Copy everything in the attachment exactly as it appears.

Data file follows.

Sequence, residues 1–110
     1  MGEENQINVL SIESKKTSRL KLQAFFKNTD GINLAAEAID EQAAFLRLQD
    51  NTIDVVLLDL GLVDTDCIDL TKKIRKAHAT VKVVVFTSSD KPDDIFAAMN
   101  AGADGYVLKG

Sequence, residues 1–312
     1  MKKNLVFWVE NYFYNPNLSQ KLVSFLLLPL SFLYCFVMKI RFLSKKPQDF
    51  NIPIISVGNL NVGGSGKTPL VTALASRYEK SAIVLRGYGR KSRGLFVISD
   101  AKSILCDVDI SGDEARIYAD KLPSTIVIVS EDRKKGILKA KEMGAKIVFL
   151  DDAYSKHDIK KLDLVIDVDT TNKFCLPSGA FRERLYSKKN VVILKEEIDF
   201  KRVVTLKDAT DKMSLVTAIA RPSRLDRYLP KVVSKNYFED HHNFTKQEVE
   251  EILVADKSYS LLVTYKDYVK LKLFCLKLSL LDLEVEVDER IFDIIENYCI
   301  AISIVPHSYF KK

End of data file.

Sequence, residues 1–110
     1  MGEENQINVL SIESKKTSRL KLQAFFKNTD GINLAAEAID EQAAFLRLQD
    51  NTIDVVLLDL GLVDTDCIDL TKKIRKAHAT VKVVVFTSSD KPDDIFAAMN
   101  AGADGYVLKG

Sequence, residues 1–312
     1  MKKNLVFWVE NYFYNPNLSQ KLVSFLLLPL SFLYCFVMKI RFLSKKPQDF
    51  NIPIISVGNL NVGGSGKTPL VTALASRYEK SAIVLRGYGR KSRGLFVISD
   101  AKSILCDVDI SGDEARIYAD KLPSTIVIVS EDRKKGILKA KEMGAKIVFL
   151  DDAYSKHDIK KLDLVIDVDT TNKFCLPSGA FRERLYSKKN VVILKEEIDF
   201  KRVVTLKDAT DKMSLVTAIA RPSRLDRYLP KVVSKNYFED HHNFTKQEVE
   251  EILVADKSYS LLVTYKDYVK LKLFCLKLSL LDLEVEVDER IFDIIENYCI
   301  AISIVPHSYF KK